Angora rabbits can seem intimidating with all that fluff, but if you are willing to put in the time they can be great companions and pay for their upkeep in wool.
Just how much time? This is what you can expect for chores when keeping rabbits
Daily Chores (10-15 minutes for chores plus playtime)
Quick cleaning of their enclosure
Every rabbit enclosure is different. My rabbits live in two horse stalls in my barn. We have easy clean foam floor tiles. Every day I sweep up any stray poop, straw, and spilled food. I dump this into the compost. Even with two large stalls, it only takes a few minutes.
Tend feed, hay, water & feed fresh greens
Every day I check to make sure the water bottle has water (it needs to be filled every couple of days). I add fresh hay to the hay bin, and I add their daily feed pellets to their feed bin (1/2 cup per rabbit). The feed bin will hold several days of pellets, but my bunnies are little piggies and will eat up all their pellets ignoring their hay & greens which they need to stay healthy. When I head out to the rabbit yard, I bring fresh greens or herbs, or I pick them fresh from the garden when in season. Each rabbit should have 1 1/2 -2 cups of fresh greens/herbs/veggies every day.
Take a few moments to check over the rabbit’s coat, skin, ears, eyes, & mouth. Observe their behavior, are they acting lethargic, nervous, itchy, etc?
This one is hardly a “chore” but every day you should spend time bonding with your bunnies. Sit on the ground while they hop about, and give them special snuggles & ear scratches. Let them get used to affection and handling that isn’t related to grooming. How much time is going to vary based on your schedule, but at minimum try to be with your bunny at least 10-15 minutes a day (obviously if you can do more, do more!).
Keep in mind, your rabbit needs time outside of his hutch/cage no matter what your schedule is. If you can only spare 15 minutes that day, they need a safe place to exercise & explore without you. Exercise time is important for your rabbit’s emotional & physical well-being. A rabbit that is confined to only his cage for days on end is a sad bunny and at risk of becoming overweight.
Your rabbit should have access to a safe exercise area with at least 30 square feet per rabbit every day. Ideally, exercise time would be at least 3-4 hours daily, but the more the better. My rabbits are allowed out in their exercise area 24/7. Their outdoor area is completely secure on all sides so they can access it whenever they like. In their play area provide objects for them to climb on and hide in, such as tunnels or boxes. Rabbits are really smart animals and they need variety & challenges to keep them from being bored. Click here for my post on playing with your bunny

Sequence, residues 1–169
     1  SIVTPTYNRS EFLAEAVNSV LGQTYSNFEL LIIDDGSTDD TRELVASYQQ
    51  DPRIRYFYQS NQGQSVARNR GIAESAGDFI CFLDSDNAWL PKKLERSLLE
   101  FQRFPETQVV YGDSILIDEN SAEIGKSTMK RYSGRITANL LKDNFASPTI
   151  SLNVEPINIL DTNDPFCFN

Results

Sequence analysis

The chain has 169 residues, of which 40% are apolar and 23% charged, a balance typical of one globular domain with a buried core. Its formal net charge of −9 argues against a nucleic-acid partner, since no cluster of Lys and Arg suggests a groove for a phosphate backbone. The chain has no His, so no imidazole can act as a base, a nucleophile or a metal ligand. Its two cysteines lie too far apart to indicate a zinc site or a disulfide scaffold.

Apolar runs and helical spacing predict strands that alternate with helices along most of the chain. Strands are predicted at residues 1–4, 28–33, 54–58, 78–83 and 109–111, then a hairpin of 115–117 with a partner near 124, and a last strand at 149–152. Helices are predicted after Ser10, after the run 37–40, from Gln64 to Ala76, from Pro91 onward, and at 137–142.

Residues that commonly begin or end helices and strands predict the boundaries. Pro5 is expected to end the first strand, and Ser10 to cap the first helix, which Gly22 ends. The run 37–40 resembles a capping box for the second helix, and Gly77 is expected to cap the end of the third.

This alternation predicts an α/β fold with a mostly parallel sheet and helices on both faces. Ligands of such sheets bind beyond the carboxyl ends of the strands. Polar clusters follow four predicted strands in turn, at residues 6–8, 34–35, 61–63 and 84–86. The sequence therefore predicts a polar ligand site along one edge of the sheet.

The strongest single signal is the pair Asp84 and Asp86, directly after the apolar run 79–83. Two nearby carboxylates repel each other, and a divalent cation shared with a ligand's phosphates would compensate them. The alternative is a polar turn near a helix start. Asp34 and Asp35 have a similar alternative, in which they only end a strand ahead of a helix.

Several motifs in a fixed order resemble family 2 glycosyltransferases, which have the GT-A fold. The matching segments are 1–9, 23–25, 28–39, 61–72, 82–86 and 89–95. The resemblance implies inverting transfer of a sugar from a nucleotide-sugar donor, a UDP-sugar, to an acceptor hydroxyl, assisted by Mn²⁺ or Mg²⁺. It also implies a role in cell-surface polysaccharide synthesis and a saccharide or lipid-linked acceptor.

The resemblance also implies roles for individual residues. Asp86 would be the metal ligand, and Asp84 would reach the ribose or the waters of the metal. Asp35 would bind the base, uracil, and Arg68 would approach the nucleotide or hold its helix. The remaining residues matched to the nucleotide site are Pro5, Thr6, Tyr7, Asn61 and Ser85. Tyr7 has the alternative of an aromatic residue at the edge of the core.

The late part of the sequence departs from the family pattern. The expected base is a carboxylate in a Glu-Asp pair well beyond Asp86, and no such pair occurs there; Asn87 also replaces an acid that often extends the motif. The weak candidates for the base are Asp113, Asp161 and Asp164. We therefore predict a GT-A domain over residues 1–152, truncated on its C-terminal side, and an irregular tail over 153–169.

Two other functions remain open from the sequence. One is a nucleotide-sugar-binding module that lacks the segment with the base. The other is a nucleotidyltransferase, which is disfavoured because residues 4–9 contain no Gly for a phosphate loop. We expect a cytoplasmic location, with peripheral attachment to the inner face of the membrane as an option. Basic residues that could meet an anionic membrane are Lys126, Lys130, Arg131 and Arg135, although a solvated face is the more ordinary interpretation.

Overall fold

In-depth cleaning of the enclosure – about 15 minutes
Once a week I empty the litter boxes into the compost bin and fill them with fresh litter. I spray down the walls for urine spray and any area of the floor that is messy with my homemade, safe cleaning solution. The rabbits have a space full of hay or straw for digging. Once a week I like to shake out the straw and sweep up any poop. Then I remove any soiled or wet hay and replace it with fresh. I do a quick raking in the rabbit outdoor yard if needed. Cleaning the enclosures & outdoor yard takes about 15 minutes, once a week
Grooming – 30 minutes for Angoras, less for short haired rabbits
This is obviously a HUGE part of keeping Angora rabbits happy & healthy. When the rabbits are NOT in a shedding period, I brush them once a week, taking about 30 minutes per rabbit. Every 2-3 months Angoras will shed their coat. You will not be able to miss it, the fur will come off in chunks just petting them. There are three methods for removing the coat at this time – either shearing (using scissors or clippers to cut the fur off), plucking (basically just removing the loose fur with your hands), or combing (brushing the loose hair out). I brush the loose fur out, and during shedding periods the weekly grooming ends up taking about an hour per rabbit. Keep in mind, if you are planning on showing your Angora, you can expect the grooming to be more involved. Click here to check out my grooming how to!
For non-Angora rabbits, the grooming schedule will be much less. For medium haired Lionheads, you can expect 10-15 minutes of grooming every other week. For short haired rabbits, a quick 10-15 minutes once a month will be plenty.
And that’s it – not too horrible right? Angoras are definitely not a pet to take lightly. I would say similarly high maintenance as a dog and more work than a cat. If you don’t think you can keep up with the grooming chores, I would recommend trying another breed. Lionhead rabbits are a good compromise if you are looking for a fluffy rabbit. They are still very fluffy, but it’s concentrated on their head and skirt, so not nearly as intense to groom.